So, if trauma affects the parts of our brain that control fear response and anxiety, memory, the ability to understand consequences, focus, and decision making, then no wonder. No wonder we see kids with more behavioral issues and more mental health diagnoses than ever. No wonder 1 in 4 children is diagnosed with a mental health challenge. No wonder 50% of students in classrooms struggle with trauma or a mental health diagnosis or are socially/emotionally delayed. No wonder these kids turn into adults with anxiety, depression, substance abuse addictions, physical health problems, and relationship issues.
This is important to know because often children who present with certain symptoms – anger, anxiety, hyperactivity, etc. – are misdiagnosed. They are slapped with an ADHD diagnosis when they are really struggling with anxiety. They are labeled as the “bad kid” when really their behavior is an effect of toxic stress and trauma from their past. They are angry because they are hardwired for survival mode. They are anxious because they constantly feel like they are in danger. They are hyper because their brain is getting their bodies ready to fight or flee. There is no actual threat, but their brains are hardwired to see everything as a threat.
Parents, teachers, foster parents, caregivers, ANY adult who interacts with kids: If there is a child who seems flat-out “bad”, often it is because of past trauma. Reframe your thoughts from “What’s wrong with you?” to “What happened to you?” They may literally not have the capacity to think rationally at times – especially when they are upset. (FYI: Foster kids have always experienced toxic stress, or they wouldn’t be in foster care.)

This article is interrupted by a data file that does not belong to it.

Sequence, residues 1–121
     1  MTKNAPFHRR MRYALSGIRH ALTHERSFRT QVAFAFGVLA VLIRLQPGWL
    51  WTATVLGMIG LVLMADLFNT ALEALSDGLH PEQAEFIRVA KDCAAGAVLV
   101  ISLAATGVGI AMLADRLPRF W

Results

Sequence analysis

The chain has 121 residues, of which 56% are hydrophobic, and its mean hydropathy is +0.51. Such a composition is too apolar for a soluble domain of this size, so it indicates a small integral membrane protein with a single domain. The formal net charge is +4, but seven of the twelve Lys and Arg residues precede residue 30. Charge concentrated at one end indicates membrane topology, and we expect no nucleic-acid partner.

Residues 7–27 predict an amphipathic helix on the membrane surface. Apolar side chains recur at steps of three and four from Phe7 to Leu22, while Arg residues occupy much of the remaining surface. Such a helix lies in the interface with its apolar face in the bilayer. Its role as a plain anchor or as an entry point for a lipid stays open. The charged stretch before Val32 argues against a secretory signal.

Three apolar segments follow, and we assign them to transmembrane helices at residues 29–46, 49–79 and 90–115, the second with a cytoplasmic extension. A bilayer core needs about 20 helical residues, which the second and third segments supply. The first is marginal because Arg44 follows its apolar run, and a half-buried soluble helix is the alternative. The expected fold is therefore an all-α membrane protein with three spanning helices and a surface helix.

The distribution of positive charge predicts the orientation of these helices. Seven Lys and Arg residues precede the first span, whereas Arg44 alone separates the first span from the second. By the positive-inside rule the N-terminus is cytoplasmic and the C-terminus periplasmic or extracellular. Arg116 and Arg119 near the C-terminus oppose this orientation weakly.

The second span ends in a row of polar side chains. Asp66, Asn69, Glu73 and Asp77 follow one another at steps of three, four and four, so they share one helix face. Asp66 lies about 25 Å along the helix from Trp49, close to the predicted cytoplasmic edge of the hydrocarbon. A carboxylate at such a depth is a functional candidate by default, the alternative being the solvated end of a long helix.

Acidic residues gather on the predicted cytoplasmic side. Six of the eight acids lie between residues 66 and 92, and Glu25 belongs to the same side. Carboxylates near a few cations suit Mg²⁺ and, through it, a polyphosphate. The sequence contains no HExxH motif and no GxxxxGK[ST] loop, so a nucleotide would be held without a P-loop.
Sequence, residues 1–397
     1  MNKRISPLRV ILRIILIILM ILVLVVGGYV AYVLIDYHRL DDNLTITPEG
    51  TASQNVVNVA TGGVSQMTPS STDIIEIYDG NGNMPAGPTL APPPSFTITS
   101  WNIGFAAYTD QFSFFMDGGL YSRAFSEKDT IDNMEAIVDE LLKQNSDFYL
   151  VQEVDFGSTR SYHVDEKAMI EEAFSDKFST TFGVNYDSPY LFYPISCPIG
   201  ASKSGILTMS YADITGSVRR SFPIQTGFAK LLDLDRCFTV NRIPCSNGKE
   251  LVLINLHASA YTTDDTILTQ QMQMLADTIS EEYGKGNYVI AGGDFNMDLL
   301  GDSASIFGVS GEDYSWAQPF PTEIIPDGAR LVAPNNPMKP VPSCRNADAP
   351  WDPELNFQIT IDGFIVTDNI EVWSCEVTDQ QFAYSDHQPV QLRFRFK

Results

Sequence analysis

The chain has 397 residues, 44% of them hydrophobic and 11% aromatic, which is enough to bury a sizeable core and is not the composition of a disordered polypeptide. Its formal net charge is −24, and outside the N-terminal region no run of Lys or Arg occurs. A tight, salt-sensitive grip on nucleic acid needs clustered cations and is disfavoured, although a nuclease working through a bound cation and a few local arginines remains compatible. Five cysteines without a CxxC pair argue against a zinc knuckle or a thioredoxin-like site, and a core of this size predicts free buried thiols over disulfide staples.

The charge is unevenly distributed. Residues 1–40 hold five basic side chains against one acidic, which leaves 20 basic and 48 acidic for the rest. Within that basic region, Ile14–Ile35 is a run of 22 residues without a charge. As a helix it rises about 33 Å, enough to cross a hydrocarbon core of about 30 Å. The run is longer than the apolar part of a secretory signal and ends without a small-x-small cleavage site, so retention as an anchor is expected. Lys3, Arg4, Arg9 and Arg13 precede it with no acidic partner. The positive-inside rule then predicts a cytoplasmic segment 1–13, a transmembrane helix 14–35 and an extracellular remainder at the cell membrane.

The good news is that our brains constantly grow and change, and neurons can be re-activated. How do we help children overcome trauma? By building resilience. Joining Forces for Children lists seven core ideas to help develop and foster resilience in children:
- Competence – Building their understanding of their skills.
- Confidence – Helping kids grow a true belief in their own abilities.
- Connection – Connecting children with other people, schools and communities to further build their support system.
- Character – Helping them comprehend a clear sense of right and wrong, and teaching them moral values.
- Contribution – Offering children a chance to contribute to the well-being of others. They learn that giving service feels good and then feel more confident to ask others for help as well.
- Coping – Discovering a variety of healthy coping strategies to prevent children from dangerous “quick fixes” to stress.
- Control – Teaching children to make decisions on their own so they can experience a sense of control.
Another way to help build resilience is to help children increase their emotional intelligence. Help them learn the names of emotions and how they are applied. This builds empathy and also gives them a sense of control over the emotion. Imagine how frustrating it is for a child to feel frustrated and not know the word “frustrated”. Help them name the emotion so they can tame the emotion.
It’s such a relief to know that kids who have experienced trauma can build resiliency and, in turn, restructure their brain through positive experiences and relationships. Be that person for a kid. Be kind to children and teenagers, especially the ones who are the hardest to be kind to. It can be the difference between surviving and thriving. It can change lives.